Life & Culture

Our Voices ballet review: Three very different works highlighting dancers’ versatility

It is the first English National Ballet programme under new artistic director Aaron S Watkin


Our Voices
English National Ballet

September sees our major dance companies return to the stage after the summer break and the English National Ballet is at Sadler’s Wells for a new triple bill called Our Voices. 

It is the first programme under the company’s new artistic director, Aaron S. Watkin and features three very different works highlighting the dancers’ versatility.

The performance begins with Theme and Variations, Balanchine’s short classical masterpiece, set to music by Tchaikovsky. It is – literally – a glittering start to the evening with three sparkling chandeliers decorating the otherwise bare stage.

The focus is on the corps who bring a lot of energy to the ballet. They lack the sharp clarity of Balanchine dancers, but their footwork is neat and port de bras pretty. Emma Hawes brings elegance to the main role and the use of her head and neck is particularly eloquent. Aitor Arrieta shows impressive elevation in his solo and the company brings the ballet to a rousing finish.

The second piece is Les Noces, Ascent to Days – a new work by Andrea Miller. Les Noces has been made into a ballet before, and though I admire the disturbing, visceral movements of the dancers, I am afraid this version leaves me cold and try as I might, I cannot enjoy Stravinky’s music for this particular work.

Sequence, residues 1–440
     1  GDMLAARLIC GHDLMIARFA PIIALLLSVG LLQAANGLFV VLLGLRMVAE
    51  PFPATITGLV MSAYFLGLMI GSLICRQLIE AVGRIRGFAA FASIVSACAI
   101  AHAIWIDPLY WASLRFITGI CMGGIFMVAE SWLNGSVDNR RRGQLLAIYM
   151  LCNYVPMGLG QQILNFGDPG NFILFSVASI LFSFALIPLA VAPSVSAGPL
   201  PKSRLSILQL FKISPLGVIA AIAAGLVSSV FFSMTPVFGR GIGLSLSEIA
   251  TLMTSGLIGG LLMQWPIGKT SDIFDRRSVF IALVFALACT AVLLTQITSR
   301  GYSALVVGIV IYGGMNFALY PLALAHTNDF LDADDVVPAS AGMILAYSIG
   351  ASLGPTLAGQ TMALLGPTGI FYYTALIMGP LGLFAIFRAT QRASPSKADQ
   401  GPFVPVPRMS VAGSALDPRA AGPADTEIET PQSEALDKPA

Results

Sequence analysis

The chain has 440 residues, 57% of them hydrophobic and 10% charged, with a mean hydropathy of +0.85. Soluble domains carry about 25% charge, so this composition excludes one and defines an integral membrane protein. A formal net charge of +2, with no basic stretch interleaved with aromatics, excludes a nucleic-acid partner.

There is a lot of running on demi-pointe, dashing around the stage and throwing of bodies. Breanna Foad and Francesca Velicu, tossed around like rag dolls, deserve praise for their energy and commitment.

The evening concludes with Four Last Songs by English choreographer David Dawson. Set to Richard Strauss’s moving score, this short piece is accompanied by soprano Madeleine Pierard, standing at the side of the stage.

The dancers are clad in flesh-coloured unitards, exposing every inch of their amazing bodies and leaving very little to the imagination. There is not an ounce of fat on their sinewy, finely-tuned physiques…it is very evident that they do not reach for that extra doughnut at lunchtime.

Beautifully danced, the piece is nevertheless rather repetitive and could do with more light and shade in the choreography. It brings the performance to an end on a rather gloomy note – it would have been better to start the show with this and end it with Theme and Variations. Going out with a joyous bang is better than with a melancholy whimper.

Our Voices is at Sadler’s Wells Theatre until September 30

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